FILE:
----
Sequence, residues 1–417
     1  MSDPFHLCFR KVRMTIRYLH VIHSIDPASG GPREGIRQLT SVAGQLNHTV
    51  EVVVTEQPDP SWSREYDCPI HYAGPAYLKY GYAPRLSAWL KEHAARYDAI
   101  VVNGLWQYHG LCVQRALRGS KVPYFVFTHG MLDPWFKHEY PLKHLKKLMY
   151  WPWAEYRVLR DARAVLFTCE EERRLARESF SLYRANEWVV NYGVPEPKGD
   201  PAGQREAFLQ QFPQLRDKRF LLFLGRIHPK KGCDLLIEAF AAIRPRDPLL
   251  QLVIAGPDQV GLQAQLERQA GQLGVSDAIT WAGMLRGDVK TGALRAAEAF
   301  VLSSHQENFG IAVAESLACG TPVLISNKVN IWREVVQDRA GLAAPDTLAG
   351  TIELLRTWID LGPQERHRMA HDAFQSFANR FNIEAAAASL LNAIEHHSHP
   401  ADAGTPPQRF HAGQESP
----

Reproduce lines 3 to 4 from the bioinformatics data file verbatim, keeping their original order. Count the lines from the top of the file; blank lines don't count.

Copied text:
    51  EVVVTEQPDP SWSREYDCPI HYAGPAYLKY GYAPRLSAWL KEHAARYDAI
   101  VVNGLWQYHG LCVQRALRGS KVPYFVFTHG MLDPWFKHEY PLKHLKKLMY